Avoiding the “good mistake” of excessive prescription at the cost of openness to novel expressions from advertising and popular culture, this modern dictionary documents usage patterns and explains current jargon in the modern business world. Take the word “headhunt”. This word is a common expression in corporate lingo, an everyday idiom, and a confusing, often vague word with unclear definition borders. The Longman Business English Dictionary writes “human resources to find a manager with the right skills and experience to do a particular job, often by persuading a suitable person to leave their present job.” Better yet, it also include three sample sentences using “headhunted”, “headhunter” and “headhunting” from the Longman Corpus Network.
Students can also find “Headline”, which is a close, yet slightly different word with vastly different meanings nearby. On that same page, readers will find concise, clear, and memorable definitions for “head”, “headcount”, “headed”, “header”, “headquarters” and “head tax.”
These focused definitions also clarify subtle distinctions for English Language learners that should help them write more accurate and compelling research papers – for school or on the job. The inclusion of words like “hinterland”, “sunset industry”, and “take-or-pay” might also be helpful for people in marketing, living overseas, or developing promotional materials for international target audiences. Unfortunately, the word “subprime” did not appear in the dictionary.
Finally, the inclusion of a 34-page business resources section with sample letters, focused exercises for BEC and BULATS exams, and answer key makes this specialized dictionary almost perfect for students facing standardized professional exams. Some features, however, seem a bit out of place for the target audience, such as the illustration on p.399 at a dry cleaner’s. If a student doesn’t know what a “cash register” or “bar code” is, they should save their money and buy a picture dictionary.
Although this business dictionary will probably appeal more to undergraduate students and MBA students, this practical reference work deserves space on the shelves of working business professionals with lingering doubts about their command of English. Many non-business English speakers could also benefit this fine modern dictionary.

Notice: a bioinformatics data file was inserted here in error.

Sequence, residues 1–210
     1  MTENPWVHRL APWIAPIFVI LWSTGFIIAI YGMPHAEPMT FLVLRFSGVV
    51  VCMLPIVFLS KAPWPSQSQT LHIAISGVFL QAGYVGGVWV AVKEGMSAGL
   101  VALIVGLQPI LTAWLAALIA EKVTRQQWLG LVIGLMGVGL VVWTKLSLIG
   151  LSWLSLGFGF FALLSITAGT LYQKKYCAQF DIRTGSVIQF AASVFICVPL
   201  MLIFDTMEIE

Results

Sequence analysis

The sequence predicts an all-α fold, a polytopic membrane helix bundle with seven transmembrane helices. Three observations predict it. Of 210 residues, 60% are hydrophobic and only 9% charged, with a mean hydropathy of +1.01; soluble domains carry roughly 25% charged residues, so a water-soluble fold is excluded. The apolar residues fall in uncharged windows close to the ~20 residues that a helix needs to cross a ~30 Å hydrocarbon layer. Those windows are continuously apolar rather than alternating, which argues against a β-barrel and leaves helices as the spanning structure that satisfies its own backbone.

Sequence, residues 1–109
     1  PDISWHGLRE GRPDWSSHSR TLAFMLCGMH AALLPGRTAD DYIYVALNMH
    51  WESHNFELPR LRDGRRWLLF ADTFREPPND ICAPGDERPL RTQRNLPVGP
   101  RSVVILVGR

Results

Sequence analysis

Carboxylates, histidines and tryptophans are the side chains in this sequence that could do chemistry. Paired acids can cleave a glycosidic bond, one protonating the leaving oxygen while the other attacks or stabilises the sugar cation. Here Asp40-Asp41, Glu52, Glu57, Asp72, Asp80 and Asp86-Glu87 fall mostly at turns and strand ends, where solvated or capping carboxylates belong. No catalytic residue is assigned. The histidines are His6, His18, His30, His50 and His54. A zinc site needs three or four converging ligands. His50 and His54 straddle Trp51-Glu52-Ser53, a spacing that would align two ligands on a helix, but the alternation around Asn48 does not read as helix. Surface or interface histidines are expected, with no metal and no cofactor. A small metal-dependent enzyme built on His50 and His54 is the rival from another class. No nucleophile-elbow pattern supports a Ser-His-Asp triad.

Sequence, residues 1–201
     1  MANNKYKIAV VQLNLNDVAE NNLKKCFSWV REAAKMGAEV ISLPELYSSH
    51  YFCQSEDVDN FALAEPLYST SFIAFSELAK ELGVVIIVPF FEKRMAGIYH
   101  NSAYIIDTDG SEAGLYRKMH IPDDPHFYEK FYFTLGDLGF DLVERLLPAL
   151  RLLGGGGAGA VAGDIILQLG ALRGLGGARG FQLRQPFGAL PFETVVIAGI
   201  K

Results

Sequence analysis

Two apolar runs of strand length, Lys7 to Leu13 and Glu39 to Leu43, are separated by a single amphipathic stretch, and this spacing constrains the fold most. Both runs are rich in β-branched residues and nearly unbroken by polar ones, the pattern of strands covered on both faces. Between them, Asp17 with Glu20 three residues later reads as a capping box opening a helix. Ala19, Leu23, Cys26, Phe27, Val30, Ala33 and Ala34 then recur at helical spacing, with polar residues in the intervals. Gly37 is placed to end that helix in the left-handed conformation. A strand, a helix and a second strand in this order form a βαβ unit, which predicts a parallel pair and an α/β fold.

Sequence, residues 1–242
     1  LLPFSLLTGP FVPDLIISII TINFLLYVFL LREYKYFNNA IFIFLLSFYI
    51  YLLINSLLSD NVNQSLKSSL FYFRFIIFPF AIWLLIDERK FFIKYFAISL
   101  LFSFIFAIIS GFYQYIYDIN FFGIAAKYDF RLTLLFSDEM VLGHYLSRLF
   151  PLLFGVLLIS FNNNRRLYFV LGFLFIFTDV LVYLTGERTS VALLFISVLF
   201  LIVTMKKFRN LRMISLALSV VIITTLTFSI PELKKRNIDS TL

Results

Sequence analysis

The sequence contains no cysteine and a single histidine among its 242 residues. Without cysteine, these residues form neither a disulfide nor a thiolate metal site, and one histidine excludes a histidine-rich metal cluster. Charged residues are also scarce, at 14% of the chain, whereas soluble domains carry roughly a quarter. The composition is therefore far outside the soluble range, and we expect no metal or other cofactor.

Given the rapid changes in communication technologies, popular expressions, and advertising slogans, it might seem problematic to produce a niche dictionary for busy entrepreneurs importing and exporting consumer goods, investors trading stocks over the internet, and MBA students planning new companies. After all, quick marketplace changes can easily date many consumer products as old-fashioned and obsolete. That’s a clear danger that faces this current Longman Business English Dictionary. Perhaps the publishers will have to re-issue a new business dictionary every 3 years.
Yet, for the moment, the Longman Business English Dictionary stands out as an exceptional niche dictionary of considerable value. Entrepreneurs, business students, and salespeople working in English as a second, third, fourth, or fifth language will benefit from adding the Longman Business English Dictionary to their bookshelves and installing the CD-rom. Therefore, language schools and libraries serving those individuals should seriously consider adding LBD to their collections. EFL teachers and Business English tutors can add it to their recommended lists with enthusiasm.
January 2008 | Filed under TEFL Book Reviews
Eric H. Roth teaches English at the University of Southern California to international students, and occasionally writes book reviews and articles for TEFL.net. He is also the co-author of the ESL conversation textbook Compelling Conversations: Questions and Quotations on Timeless Topics.